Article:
Prince Harry tells Stephen Colbert he wrote about killing 25 Afghan fighters to ‘reduce’ suicides

Prince Harry has denounced the “dangerous rotation” he “bragged” of killing 25 Taliban fighters in Afghanistan in his new memoir, “Spare”.

The Duke of Sussex has condemned the ‘dangerous lie’ after he was widely criticized for discussing the murders in his book – a move his former comrades see as ‘treason’ which could ‘incite’ assassination attempts.

Appearing on “The Late Show with Stephen Colbert” in an episode aired on Tuesday, the exiled royal accused the press of taking his remarks out of context.

“I think one of the most dangerous lies they told was that I sort of bragged about how many people I killed in Afghanistan,” Harry said.

“I would say if I heard anyone else, anyone, bragging about that stuff, I’d be mad. But that’s a lie.”

“My words are not dangerous, but the turn of my words is very dangerous for my family,” he added.

Harry served in the British Air Force for ten years where he deployed twice to Afghanistan and rose to Captain level.

In his protocol-breaking memoir, Harry called his victims ‘chess pieces pulled from a chessboard, the bad guys weeded out before killing the good guys’, and said he was not ‘ashamed’ of his actions. because he had been conditioned by the military not to feel anything.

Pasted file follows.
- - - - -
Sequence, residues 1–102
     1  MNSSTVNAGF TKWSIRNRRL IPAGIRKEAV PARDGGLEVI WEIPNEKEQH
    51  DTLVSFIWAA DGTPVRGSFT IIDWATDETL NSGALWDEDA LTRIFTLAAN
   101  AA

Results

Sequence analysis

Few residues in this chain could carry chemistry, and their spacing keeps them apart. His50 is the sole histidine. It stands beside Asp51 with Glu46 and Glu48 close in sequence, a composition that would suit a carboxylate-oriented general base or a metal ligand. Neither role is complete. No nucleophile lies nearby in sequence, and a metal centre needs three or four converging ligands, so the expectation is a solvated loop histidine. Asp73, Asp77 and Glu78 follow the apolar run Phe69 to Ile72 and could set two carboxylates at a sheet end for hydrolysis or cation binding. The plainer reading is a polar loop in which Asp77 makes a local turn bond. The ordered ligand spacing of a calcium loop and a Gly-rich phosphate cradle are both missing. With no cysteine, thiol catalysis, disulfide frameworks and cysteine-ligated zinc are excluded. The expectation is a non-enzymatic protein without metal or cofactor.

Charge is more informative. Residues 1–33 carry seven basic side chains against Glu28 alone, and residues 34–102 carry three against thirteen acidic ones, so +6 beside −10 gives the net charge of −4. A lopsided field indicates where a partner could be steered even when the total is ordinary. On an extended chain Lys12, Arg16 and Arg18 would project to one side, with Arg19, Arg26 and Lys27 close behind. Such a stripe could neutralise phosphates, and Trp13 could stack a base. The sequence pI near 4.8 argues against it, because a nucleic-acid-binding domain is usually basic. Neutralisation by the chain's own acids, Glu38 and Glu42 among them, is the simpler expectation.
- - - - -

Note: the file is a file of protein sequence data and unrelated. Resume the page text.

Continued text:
Prince Harry holds the 50mm machine gun on the JTAC Hill observation post near FOB Delhi (Forward Operating Base) January 2, 2008 in Helmand province, southern Afghanistan.
Prince Harry holds the 50mm machine gun at an observation post January 2, 2008 in southern Afghanistan.
Tim Graham Photo Library via Getty Images

“You can’t kill people if you see them as people,” he wrote. “They trained me in ‘others’, and they trained me well.”

When Colbert noted that news of Harry’s military killings was nothing new, Harry continued: ‘Almost ten years to the day my face has been splattered all over the front pages because someone put me down the question, while I was still in Afghanistan if I had killed anyone from an attack helicopter. And I said “yes”.

Prince Harry on patrol in the deserted town of Garmisir near FOB Delhi (forward operating base), where he was posted on January 2, 2008 in Helmand province, southern Afghanistan
Prince Harry patrols the deserted town of Garmisir, Afghanistan, January 2, 2008.
Tim Graham Photo Library via Getty Images

Harry went on to defend his stark confession, saying he chose to share it in an effort to reduce veteran suicide.

“I made the choice to share it because after spending almost two decades working with veterans around the world, I think the most important thing is to be honest and to be able to give space to others to be able to share their experiences without any harm,” the 38-year-old said.

“And my whole goal and my attempt to share this detail is to reduce the number of suicides.”

Harry’s jaded memory has also sparked outrage from the Taliban, who have called for him to be tried for war crimes.

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